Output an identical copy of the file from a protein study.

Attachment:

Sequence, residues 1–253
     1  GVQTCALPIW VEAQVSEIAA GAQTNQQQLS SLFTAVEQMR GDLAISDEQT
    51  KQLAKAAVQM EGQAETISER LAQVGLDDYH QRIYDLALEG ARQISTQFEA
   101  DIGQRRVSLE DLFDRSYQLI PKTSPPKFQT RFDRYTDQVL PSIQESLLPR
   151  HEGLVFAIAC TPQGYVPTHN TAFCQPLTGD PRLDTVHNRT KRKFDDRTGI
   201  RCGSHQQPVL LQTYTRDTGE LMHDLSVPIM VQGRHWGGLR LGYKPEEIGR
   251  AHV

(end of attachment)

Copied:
Sequence, residues 1–253
     1  GVQTCALPIW VEAQVSEIAA GAQTNQQQLS SLFTAVEQMR GDLAISDEQT
    51  KQLAKAAVQM EGQAETISER LAQVGLDDYH QRIYDLALEG ARQISTQFEA
   101  DIGQRRVSLE DLFDRSYQLI PKTSPPKFQT RFDRYTDQVL PSIQESLLPR
   151  HEGLVFAIAC TPQGYVPTHN TAFCQPLTGD PRLDTVHNRT KRKFDDRTGI
   201  RCGSHQQPVL LQTYTRDTGE LMHDLSVPIM VQGRHWGGLR LGYKPEEIGR
   251  AHV